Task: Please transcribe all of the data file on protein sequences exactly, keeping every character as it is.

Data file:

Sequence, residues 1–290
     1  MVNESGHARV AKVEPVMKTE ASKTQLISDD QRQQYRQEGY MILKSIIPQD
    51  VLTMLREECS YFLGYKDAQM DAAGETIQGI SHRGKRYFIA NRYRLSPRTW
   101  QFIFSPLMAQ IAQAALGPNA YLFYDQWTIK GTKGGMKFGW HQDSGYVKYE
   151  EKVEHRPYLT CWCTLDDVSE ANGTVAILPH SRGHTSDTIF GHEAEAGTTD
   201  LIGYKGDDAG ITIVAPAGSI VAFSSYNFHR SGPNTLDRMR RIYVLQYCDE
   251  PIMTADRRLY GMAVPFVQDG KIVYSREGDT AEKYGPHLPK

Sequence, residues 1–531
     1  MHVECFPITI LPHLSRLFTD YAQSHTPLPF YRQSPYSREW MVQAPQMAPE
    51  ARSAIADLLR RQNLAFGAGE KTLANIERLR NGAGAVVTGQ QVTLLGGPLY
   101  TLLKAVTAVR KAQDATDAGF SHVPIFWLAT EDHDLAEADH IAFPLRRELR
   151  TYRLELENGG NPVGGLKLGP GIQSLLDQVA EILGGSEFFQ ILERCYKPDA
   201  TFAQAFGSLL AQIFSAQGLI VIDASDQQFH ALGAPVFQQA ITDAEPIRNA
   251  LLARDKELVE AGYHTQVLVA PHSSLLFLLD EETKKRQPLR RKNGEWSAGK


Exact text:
Sequence, residues 1–290
     1  MVNESGHARV AKVEPVMKTE ASKTQLISDD QRQQYRQEGY MILKSIIPQD
    51  VLTMLREECS YFLGYKDAQM DAAGETIQGI SHRGKRYFIA NRYRLSPRTW
   101  QFIFSPLMAQ IAQAALGPNA YLFYDQWTIK GTKGGMKFGW HQDSGYVKYE
   151  EKVEHRPYLT CWCTLDDVSE ANGTVAILPH SRGHTSDTIF GHEAEAGTTD
   201  LIGYKGDDAG ITIVAPAGSI VAFSSYNFHR SGPNTLDRMR RIYVLQYCDE
   251  PIMTADRRLY GMAVPFVQDG KIVYSREGDT AEKYGPHLPK

Sequence, residues 1–531
     1  MHVECFPITI LPHLSRLFTD YAQSHTPLPF YRQSPYSREW MVQAPQMAPE
    51  ARSAIADLLR RQNLAFGAGE KTLANIERLR NGAGAVVTGQ QVTLLGGPLY
   101  TLLKAVTAVR KAQDATDAGF SHVPIFWLAT EDHDLAEADH IAFPLRRELR
   151  TYRLELENGG NPVGGLKLGP GIQSLLDQVA EILGGSEFFQ ILERCYKPDA
   201  TFAQAFGSLL AQIFSAQGLI VIDASDQQFH ALGAPVFQQA ITDAEPIRNA
   251  LLARDKELVE AGYHTQVLVA PHSSLLFLLD EETKKRQPLR RKNGEWSAGK